Krista, who is a nurse, didn’t need the naloxone kit that she keeps at the ready. She shook Karly awake and got her into the car to take her to Surrey Creekside Withdrawal Management Centre.

En route, Karly flailed about, kicking in the glove box, banging her head against the window and screaming.

“She was in psychosis. She was not my child,” Krista said. “It took six nurses and two doctors to get her inside.”

At 9 p.m, Karly called her mom to say that if they didn’t let her out, she was going to escape, prostitute myself and get enough money to kill herself.

“I felt in my heart that she was really going to do it.”

Panicked, Krista called Susan Hogarth, Westminster House’s executive director, and begged for help. Westminster House is a residential treatment centre for women, with four designated youth beds in New Westminster.

Even though it was past midnight, Hogarth agreed to take Karly.

“We can’t not put a child somewhere,” Hogarth said this week.

The cost for treatment at Westminster House is $9,000 a month, meaning Krista needs $27,000 to pay for the three months of treatment that counsellors say Karly needs to be stabilized enough to go into second-stage care.

The crucial first month of treatment was covered using donations from individuals, and Hockey for the Homeless.

Now there are bills to be paid.

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Krista’s only contact with the government has been through MCFD. A social worker helped Karly get mental health services, pre- and post-natal care and helped Krista gain guardianship of her year-old grandson last month.

It’s the social worker who told the family that the government would pay for a 10-week, co-ed live-in treatment program at Vancouver’s Peak House, but not Westminster House.

But Krista and Westminster House’s director believe a co-ed program that has no trauma counselling is not a good fit for Karly.

The only other option suggested was outpatient treatment. But Karly’s already tried and failed at that. Besides, her dealer lives two blocks from their home.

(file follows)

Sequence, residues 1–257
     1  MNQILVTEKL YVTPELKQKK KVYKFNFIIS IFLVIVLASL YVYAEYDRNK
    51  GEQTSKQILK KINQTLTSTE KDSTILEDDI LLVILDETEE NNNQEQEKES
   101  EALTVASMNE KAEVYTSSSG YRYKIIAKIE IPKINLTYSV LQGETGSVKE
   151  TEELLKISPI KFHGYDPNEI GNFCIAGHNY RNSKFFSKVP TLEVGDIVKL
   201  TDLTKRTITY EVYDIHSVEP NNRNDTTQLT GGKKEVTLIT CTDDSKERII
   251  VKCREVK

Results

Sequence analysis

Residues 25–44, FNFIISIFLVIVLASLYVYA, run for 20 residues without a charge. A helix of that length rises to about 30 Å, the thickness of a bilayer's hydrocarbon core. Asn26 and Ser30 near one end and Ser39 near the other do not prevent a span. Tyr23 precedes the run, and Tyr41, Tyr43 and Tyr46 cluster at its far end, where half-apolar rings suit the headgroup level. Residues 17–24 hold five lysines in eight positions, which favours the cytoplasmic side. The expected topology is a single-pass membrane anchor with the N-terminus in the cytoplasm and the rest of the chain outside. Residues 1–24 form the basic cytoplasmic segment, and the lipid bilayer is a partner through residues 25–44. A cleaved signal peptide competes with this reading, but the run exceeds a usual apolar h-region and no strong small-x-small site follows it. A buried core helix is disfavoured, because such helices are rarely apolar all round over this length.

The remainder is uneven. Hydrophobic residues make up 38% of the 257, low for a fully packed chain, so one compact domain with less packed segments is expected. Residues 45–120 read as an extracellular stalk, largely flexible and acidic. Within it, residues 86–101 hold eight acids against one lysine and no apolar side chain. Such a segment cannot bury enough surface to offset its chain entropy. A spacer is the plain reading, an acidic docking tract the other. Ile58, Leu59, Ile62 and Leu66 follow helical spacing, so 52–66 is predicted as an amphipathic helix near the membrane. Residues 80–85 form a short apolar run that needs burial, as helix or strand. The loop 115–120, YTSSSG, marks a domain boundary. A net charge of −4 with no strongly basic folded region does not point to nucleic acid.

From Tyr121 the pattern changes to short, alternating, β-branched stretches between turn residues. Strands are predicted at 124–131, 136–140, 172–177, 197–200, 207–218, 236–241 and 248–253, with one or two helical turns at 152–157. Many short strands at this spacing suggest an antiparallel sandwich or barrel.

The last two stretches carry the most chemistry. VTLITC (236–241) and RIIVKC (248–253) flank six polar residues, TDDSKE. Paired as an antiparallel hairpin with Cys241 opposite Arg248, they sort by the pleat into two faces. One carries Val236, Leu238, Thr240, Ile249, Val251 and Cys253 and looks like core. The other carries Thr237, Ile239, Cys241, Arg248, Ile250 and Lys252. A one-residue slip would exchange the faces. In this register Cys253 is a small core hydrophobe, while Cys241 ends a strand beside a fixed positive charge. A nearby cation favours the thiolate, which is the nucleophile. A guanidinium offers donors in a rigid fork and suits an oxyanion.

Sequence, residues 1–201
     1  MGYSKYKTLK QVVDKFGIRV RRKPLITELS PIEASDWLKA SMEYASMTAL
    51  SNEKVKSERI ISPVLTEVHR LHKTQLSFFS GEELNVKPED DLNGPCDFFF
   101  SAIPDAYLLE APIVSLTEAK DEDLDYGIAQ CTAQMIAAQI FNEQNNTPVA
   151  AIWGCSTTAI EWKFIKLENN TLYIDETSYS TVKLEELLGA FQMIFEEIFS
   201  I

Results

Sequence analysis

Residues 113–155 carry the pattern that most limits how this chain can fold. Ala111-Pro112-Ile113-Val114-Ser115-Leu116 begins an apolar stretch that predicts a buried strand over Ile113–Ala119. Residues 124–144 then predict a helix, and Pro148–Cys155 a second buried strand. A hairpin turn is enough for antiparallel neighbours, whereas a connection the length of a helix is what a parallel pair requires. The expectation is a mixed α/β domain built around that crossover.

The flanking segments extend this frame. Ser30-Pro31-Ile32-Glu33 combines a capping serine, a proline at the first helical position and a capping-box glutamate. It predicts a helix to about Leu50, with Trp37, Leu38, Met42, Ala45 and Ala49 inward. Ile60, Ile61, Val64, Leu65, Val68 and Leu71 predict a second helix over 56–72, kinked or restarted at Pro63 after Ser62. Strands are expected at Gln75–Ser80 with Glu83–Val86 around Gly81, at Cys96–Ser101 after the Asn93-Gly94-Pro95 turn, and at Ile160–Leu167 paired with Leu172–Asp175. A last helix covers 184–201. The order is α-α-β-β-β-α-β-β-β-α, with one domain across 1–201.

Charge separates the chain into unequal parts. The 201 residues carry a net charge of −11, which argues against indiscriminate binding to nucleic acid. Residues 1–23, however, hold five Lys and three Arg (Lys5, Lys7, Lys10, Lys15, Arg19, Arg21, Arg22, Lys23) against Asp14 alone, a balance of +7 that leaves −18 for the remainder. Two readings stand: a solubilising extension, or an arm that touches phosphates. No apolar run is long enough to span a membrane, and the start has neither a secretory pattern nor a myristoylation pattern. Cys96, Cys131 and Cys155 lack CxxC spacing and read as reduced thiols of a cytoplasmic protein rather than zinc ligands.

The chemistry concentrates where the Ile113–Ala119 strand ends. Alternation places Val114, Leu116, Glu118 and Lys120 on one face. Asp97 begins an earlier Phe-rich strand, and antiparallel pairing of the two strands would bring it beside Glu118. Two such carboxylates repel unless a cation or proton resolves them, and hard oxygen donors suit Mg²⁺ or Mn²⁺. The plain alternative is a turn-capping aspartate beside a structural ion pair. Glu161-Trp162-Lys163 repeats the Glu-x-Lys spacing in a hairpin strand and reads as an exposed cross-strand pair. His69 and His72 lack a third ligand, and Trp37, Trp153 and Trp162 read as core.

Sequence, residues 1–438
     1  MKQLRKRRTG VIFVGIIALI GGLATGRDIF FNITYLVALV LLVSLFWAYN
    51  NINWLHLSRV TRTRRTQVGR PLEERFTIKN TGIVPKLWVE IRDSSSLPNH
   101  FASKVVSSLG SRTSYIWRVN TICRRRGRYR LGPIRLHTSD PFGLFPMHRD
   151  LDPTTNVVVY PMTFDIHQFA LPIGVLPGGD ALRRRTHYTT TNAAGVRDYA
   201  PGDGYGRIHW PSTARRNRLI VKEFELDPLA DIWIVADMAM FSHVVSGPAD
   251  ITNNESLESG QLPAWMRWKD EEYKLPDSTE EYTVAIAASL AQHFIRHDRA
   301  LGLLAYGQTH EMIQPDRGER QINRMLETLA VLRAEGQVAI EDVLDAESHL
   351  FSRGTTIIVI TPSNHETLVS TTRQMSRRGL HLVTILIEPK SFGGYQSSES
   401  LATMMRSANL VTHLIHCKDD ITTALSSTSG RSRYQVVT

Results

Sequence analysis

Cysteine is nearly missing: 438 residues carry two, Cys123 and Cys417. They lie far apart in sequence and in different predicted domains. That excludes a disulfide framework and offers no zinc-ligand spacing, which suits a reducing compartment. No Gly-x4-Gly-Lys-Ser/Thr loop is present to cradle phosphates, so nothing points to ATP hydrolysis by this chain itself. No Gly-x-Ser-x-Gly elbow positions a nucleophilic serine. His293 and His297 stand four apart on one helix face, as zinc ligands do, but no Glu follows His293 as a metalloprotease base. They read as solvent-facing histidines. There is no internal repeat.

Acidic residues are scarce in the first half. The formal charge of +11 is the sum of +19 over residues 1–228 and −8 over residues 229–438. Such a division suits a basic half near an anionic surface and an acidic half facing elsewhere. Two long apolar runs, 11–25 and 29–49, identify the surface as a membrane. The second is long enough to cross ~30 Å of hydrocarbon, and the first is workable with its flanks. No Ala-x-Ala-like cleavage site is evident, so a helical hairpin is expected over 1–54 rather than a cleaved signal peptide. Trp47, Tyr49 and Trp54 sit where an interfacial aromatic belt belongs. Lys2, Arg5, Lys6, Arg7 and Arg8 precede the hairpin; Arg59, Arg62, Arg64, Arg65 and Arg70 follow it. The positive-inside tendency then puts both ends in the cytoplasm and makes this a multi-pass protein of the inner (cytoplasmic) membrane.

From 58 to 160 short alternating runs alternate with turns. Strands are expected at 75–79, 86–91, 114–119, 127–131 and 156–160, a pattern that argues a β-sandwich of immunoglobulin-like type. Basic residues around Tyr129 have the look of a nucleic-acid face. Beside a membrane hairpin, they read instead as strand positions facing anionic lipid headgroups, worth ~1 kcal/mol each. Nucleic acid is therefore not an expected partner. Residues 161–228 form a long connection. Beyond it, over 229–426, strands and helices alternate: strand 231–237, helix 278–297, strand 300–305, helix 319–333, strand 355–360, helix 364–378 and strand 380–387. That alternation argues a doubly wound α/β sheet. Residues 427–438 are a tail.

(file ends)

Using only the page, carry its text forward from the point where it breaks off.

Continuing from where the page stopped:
If Karly was an adult on welfare, the Ministry of Social Development and Poverty Reduction would pay $30.90 a day for her room and board in residential care.

Bizarrely, Krista said the social worker suggested maybe Karly could just wait a year and then her treatment would be fully covered.

“This is f–ing BS. I can’t wait until she’s older. She’ll be dead,” said Krista, who has had her own problems with addiction. An alumni of Westminster House, she is four years into recovery.

Concerns about how to pay for Karly’s treatment in addition to caring for Karly’s baby and Karly’s younger sister are wearing heavily on Krista. She’s had to take a medical leave from her job, and is worried about how she will pay her rent.

She’s already spent four years in a constant state of readiness in case Karly overdoses. There’s naloxone in the house. The razors are hidden because “Karly cuts, cuts.” Every time Karly took a bath, Krista stood apprehensively by the door because her daughter had threatened to drown herself.

But now?

“She is doing amazing,” Krista said. “The first time I saw her was 15 to 16 days in, and she had colour in her cheeks and they were my kid’s eyes, beautiful brown . . .

“When I brought her son to see her, her smile so genuine. I had not seen it in so many years. The smile was what I remember of her as a kid.”

Hogarth wonders why the government can’t look at the bigger picture of what Karly’s untreated addiction might cost — from more overdoses to her mother’s fragile state to the fate of her son.

Everybody, Hogarth said, deserves a chance at recovery and not just harm reduction interventions.

“Karly is not the easiest client in the world,” she said with a laugh. “But she’s worth it because we want her to go home to her son and to be able to raise him.”

For now, the non-profit Westminster House is covering Karly’s costs with donations augmented by a GoFundMe campaign organized by Krista’s friends.

But it can’t do that forever, or without more donations.